What editions are available?
- Theatrical Cut (118 min.)
- PG-rated Version (112 min.)
- Director’s Cut (122 min.)
The ’70s disco classic Saturday Night Fever has a huge fanbase from all the corners of the world. The dance classic was released in an edited PG-rated version two years after the premiere where the language and sexual innuendos was removed completely. In 2017 an director’s cut was released on DVD and Blu-ray. Director John Badham was interviewed by Yahoo where he was asked about the director’s cut:
How does the director’s cut differ from the theatrical release?
We were able to restore several scenes that had been eliminated from the original version. As will always happen right before a film is released, everybody gets really nervous, and we cut three or four relatively small scenes. We wanted to get the movie going and didn’t want it to run over two hours. So a few things went by the wayside that told us more about these characters. We have one new scene toward the end where Tony’s dad gets his job back, and he and his mom are really excited, jumping around in the kitchen and carrying on. Meanwhile, Travolta is just kind of standing in the corner sneering at this whole thing. It’s kind of wonderful because here is this happy moment in their lives, and he’s just really kind of cynical about the whole thing. That was part of the genius of Norman Wexler‘s script; he was able to show that our lives aren’t all happiness and light, and it also isn’t all dark. There are many ways life goes.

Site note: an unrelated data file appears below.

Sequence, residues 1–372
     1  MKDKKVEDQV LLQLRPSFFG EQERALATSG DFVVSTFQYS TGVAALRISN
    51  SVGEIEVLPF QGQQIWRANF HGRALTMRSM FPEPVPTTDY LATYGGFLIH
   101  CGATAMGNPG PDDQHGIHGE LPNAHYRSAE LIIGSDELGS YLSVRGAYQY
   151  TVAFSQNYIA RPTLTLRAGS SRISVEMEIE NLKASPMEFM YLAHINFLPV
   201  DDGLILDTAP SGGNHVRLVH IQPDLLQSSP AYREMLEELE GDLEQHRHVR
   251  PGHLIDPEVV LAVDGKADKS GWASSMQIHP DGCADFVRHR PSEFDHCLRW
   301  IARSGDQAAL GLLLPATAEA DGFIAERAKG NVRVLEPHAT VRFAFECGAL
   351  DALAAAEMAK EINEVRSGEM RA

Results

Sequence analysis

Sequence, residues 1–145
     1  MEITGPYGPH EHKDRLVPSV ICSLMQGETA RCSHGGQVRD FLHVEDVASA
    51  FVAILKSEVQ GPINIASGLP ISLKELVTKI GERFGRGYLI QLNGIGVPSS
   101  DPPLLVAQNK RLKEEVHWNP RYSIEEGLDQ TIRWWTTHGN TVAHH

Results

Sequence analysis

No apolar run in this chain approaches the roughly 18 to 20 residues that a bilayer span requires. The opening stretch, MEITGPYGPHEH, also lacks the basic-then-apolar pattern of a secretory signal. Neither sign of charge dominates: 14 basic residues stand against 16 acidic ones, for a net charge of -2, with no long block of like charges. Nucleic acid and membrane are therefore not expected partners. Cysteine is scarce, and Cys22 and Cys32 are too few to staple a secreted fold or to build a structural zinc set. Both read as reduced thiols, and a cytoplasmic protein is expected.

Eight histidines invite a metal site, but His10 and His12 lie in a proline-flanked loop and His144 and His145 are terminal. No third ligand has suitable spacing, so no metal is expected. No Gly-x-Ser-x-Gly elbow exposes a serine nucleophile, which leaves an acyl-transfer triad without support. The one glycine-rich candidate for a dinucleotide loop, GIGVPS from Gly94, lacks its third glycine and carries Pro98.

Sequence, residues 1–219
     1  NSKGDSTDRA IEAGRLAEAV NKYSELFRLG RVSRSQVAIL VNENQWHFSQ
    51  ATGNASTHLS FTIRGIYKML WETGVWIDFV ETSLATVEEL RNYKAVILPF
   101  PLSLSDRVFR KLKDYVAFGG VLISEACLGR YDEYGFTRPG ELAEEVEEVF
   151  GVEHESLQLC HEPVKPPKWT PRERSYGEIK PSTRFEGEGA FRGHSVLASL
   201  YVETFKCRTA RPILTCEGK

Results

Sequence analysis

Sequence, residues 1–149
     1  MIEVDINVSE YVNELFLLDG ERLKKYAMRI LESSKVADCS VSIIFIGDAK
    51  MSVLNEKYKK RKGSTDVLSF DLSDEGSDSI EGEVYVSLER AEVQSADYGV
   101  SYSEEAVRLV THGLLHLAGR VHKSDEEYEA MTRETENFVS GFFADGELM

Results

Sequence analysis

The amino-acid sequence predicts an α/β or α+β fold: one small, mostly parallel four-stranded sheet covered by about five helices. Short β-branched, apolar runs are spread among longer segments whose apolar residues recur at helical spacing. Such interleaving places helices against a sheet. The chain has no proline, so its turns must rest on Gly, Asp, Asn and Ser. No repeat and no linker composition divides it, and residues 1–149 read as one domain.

Is there a new Tony-specific scene that you’re particularly eager for people to see?
Early on in the film, after the first disco sequence, there’s a scene where he goes riding with his friends in the daytime, and he’s listening to them arguing about how you’ll never get anywhere in this life, and you’re just kind of stuck at the level that you’re at. He gets disgusted with them, and that’s all you hear in the original version of the movie. But in the scene that we put back in, he makes them stop the car; he gets out, they drive off without him, and he’s left standing overlooking the Verrazano Bridge. You can tell there’s a real connection just from the way he’s looking at it, and his fingers start drawing the lines of the extension bridge in the air. It’s a sweet moment that gives you a softer side of him after we’ve seen some of the tougher sides.
The director’s preferred edition: Director’s Cut